3. Phyllis Doyle profile image95
      Phyllis Doyleposted 21 months ago in reply to this

      This is a real coincidence that you brought this up, Jan.  I have been wondering whether my stellar hubs or non-stellar hubs get the most traffic and compare them once in awhile.

      I love creating stellar hubs. Put a time consuming challenging project in front of me and I go for it to do the best I can. I just wonder if it is worth it and would like to see a survey from mobile users / non-mobile users to find out what readers prefer.

      I used to have the thought that one well-chosen image and really good text packed with detailed information was the best type article to create. I often prefer reading this type myself, for if I want to see more detailed images, I can look them up myself. It is more important to me that readers absorb my informational text rather than get distracted with several images, polls, videos, maps, etc.   Quite often, if a reader looks at an image or map and reads the source, they will go to the source and see other info they want follow, thus taking them away from our hubs.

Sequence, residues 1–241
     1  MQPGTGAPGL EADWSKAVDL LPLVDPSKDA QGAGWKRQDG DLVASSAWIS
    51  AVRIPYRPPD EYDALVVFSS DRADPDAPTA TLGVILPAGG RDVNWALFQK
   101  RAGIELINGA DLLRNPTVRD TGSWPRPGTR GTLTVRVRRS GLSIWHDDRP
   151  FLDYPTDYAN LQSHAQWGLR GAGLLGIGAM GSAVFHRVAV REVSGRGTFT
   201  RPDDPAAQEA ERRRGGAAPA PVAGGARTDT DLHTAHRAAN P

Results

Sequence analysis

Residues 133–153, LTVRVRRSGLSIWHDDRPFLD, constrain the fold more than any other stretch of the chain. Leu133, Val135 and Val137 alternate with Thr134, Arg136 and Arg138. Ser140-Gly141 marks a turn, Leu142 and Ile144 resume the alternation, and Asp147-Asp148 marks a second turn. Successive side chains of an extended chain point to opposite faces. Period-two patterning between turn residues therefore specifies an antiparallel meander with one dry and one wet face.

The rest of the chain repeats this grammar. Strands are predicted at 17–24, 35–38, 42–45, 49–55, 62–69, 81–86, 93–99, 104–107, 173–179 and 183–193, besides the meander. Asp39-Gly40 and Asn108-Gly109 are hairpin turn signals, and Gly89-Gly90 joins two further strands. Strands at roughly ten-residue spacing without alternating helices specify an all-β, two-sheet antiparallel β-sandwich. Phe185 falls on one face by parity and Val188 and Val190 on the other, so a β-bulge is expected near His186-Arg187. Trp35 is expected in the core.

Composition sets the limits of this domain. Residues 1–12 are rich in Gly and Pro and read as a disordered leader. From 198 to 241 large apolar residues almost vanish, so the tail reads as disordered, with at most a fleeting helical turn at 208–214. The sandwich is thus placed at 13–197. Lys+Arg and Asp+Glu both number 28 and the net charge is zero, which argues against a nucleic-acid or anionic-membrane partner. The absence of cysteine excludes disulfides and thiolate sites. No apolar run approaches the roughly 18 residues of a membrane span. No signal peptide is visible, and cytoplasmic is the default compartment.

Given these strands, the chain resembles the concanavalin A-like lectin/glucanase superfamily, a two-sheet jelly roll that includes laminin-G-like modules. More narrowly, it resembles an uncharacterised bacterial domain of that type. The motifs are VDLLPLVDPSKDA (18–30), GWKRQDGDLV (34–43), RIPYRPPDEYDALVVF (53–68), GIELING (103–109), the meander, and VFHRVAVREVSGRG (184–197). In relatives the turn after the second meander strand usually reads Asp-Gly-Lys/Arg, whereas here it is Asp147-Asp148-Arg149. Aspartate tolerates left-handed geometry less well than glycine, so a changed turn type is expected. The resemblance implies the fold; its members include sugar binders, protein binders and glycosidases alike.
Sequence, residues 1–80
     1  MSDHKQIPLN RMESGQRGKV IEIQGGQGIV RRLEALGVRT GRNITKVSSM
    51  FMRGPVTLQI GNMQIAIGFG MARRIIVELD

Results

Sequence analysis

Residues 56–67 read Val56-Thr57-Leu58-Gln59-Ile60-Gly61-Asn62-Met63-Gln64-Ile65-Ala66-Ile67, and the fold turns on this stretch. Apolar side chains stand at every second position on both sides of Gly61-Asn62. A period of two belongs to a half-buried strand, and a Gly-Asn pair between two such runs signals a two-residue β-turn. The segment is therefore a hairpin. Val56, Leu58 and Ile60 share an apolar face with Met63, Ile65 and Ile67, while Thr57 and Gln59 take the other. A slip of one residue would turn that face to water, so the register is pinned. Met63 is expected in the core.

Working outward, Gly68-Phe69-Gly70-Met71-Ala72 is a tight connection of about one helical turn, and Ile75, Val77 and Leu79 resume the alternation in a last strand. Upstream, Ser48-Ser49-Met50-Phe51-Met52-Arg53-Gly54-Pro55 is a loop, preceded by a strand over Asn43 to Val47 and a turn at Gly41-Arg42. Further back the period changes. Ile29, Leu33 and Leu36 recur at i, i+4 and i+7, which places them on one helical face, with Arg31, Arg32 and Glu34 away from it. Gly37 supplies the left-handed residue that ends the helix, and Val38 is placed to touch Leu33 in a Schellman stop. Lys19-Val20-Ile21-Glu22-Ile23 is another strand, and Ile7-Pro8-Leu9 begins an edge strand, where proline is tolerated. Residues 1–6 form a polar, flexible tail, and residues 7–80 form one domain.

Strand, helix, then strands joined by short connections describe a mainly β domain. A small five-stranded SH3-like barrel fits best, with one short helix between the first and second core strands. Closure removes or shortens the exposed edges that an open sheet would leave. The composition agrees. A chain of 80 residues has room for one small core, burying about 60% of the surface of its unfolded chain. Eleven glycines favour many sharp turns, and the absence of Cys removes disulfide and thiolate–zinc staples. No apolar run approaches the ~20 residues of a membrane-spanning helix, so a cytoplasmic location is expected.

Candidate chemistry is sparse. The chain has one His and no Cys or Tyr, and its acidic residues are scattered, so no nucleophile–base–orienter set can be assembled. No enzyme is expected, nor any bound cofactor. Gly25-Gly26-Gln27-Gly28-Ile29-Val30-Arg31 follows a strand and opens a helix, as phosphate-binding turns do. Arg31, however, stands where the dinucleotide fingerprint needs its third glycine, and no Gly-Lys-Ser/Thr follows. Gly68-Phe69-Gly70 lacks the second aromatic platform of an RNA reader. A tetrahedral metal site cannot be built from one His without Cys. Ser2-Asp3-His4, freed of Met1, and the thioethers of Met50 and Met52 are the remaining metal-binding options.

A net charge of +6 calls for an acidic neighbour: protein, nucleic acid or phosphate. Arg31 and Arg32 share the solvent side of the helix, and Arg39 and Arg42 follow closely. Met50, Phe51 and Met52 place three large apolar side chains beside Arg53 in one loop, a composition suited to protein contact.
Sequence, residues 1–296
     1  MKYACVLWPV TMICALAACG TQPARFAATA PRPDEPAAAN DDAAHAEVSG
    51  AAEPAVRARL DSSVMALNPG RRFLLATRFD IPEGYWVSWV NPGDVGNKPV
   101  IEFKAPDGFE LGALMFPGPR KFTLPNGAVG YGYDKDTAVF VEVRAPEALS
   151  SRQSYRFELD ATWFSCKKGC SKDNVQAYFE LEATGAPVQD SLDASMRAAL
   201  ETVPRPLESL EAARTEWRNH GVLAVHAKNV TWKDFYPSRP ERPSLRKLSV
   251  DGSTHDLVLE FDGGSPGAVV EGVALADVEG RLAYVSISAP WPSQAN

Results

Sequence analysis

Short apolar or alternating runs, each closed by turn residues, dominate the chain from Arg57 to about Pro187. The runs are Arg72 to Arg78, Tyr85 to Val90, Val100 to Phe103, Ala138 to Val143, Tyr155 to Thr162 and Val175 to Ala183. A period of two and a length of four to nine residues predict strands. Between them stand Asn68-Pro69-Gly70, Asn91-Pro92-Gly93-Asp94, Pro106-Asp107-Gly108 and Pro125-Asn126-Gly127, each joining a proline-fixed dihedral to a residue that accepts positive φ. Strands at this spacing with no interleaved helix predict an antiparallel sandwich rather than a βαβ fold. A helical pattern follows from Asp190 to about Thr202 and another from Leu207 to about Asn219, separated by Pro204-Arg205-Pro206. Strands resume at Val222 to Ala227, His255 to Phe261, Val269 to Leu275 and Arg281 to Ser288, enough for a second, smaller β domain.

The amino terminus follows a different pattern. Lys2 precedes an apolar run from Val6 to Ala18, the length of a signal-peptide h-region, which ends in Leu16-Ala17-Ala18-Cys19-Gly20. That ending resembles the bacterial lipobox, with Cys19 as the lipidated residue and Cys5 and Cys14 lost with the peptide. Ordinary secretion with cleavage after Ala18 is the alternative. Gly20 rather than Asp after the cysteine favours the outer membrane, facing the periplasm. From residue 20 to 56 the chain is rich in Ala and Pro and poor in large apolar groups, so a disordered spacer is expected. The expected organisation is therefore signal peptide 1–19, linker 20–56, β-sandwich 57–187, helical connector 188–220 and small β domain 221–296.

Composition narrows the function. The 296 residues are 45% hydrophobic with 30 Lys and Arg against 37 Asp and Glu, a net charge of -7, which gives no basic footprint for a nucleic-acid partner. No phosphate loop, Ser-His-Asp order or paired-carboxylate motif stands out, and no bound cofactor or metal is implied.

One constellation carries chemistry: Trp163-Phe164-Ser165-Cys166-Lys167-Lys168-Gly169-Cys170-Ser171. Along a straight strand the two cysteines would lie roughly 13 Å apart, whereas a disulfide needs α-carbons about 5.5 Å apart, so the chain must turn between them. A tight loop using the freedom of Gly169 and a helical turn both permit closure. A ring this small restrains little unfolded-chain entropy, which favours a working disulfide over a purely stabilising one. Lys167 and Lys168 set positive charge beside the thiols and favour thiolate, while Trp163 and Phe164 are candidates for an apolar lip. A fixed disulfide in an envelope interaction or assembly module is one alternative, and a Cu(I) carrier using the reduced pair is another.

These are my thoughts on the subject. Maybe we can run a little survey to see what readers prefer?

      1. janshares profile image87
        jansharesposted 21 months ago in reply to this

        Great points and suggestions, Phyllis. I wonder how we could conduct a poll? Thank for confirming my thoughts.

    4. janderson99 profile image84
      janderson99posted 21 months ago in reply to this